Skip to Content

AFBAmerican Foundation®
for the Blind

Expanding possibilities for people with vision loss

AFB TECH Evaluates Cell Phones

Introduction

As cell phones have become an increasingly conspicuous part of everyday life, they have also become more and more powerful, equipped with computer operating systems and more features being added with every new model. Web browsers, e-mail, multimedia messaging, voice dialing, phone books, word processors, multi-color displays, and cameras are some of the features available on today's cell phones, but there are concerns among the blind and visually impaired community as to whether or not these and other cell phone features will be accessible. Section 255 of the Communications Act, as amended by the Telecommunications Act of 1996, requires that cell phone manufacturers and service providers do all that is "readily achievable" to make each product or service accessible.

To determine the accessibility of today's cell phones for people who are blind or visually impaired, AFB TECH evaluated 11 of the top cell phones on the market. The phones evaluated were the Audiovox 9500; the Motorola T720, the Sanyo 5300; the Sony-Ericsson T68i; the Nokia 3650, 3660, and 6620; the Owasys 22C; the Toshiba VM 4050 (which is also known as the Audiovox CDM 9950); the Samsung SPH-a660; and the Nokia 9290 Communicator, which is actually a phone/personal digital assistant.

The Nokia phones were evaluated equipped with two European speech-output software products: Mobile Accessibility developed by Code Factory, and TALKS from Brand & Grober. More recently, AFB evaluated TALKS for Series 60 and Mobile Speak.

The "Sweet 16"

To focus our evaluation work, we first created a questionnaire to survey people who are blind or visually impaired to determine which cell phone features they would most like to have made accessible. This resulted in the "Sweet 16," a list of 16 features that were rated the highest by the respondents (the starred features were tied for first place):

  1. *Keys that are easily identifiable by touch
  2. *Voice output
  3. *Accessible documentation
  4. Battery-level indicator
  5. Roaming indicator
  6. Message indicator
  7. Phone book
  8. Phone lock mode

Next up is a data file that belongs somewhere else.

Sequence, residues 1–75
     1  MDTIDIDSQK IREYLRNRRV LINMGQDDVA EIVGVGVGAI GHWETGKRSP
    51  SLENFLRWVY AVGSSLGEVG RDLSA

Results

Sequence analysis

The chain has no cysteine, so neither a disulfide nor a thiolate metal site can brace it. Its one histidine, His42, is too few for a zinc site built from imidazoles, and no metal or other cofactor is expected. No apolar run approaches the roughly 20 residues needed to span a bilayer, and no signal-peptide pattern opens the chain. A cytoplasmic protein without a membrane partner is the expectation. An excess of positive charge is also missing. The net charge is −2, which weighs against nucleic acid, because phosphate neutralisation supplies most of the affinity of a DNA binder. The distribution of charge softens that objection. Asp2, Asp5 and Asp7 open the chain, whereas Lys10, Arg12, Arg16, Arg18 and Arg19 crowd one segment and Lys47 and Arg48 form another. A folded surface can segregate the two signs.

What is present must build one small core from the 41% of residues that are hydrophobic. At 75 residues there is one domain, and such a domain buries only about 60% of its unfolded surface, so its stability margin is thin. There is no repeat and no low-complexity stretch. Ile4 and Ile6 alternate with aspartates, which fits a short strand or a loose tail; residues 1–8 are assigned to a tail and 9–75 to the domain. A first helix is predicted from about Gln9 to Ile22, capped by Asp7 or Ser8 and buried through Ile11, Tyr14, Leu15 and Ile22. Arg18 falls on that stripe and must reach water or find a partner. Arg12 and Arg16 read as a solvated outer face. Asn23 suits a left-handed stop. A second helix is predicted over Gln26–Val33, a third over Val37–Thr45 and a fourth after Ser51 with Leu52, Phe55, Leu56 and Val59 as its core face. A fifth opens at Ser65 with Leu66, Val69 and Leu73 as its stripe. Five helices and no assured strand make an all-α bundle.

9. Keypad lock mode
  10. Power indicator
  11. Ringing or vibrating mode indicator
  12. GPS feature
  13. Signal strength indicator
  14. Ringer volume control
  15. Caller identification
  16. Speed dialing

We looked at how available or accessible these features are and noted any barriers to accessing them. The evaluation methods we used included:

  • measuring the ability to identify and use the keypad tactilely,
  • determining the ability to navigate menus,
  • noting auditory and vibratory feedback, and
  • assessing the readability of the visual display.

Results

Results indicated that the four phones without speech-output software had very few accessible features, mainly due to the lack of access to screen information. Furthermore, three of the phones had such tactually unidentifiable keys that it was extremely difficult to do even the basic tasks of answering and placing phone calls.

Although the phones with the speech software loaded on them certainly give blind and visually impaired users access to many more features than the other phones, they still do not provide access to all the features that sighted users have. Additionally, the cost of these phone/software combinations ranges from $500 to nearly $1000, putting them out of the price range of most people. However, Cingular is now offering TALKS along with the Nokia 6620 for a total price of $299 after rebates. Manufacturers and service providers are finding that it is possible to provide accessibility via speech software, providing hope for the future of cell phone accessibility.

Related Articles

services icon Directory of Services

Join Our Mission

Help us expand our resources for people with vision loss.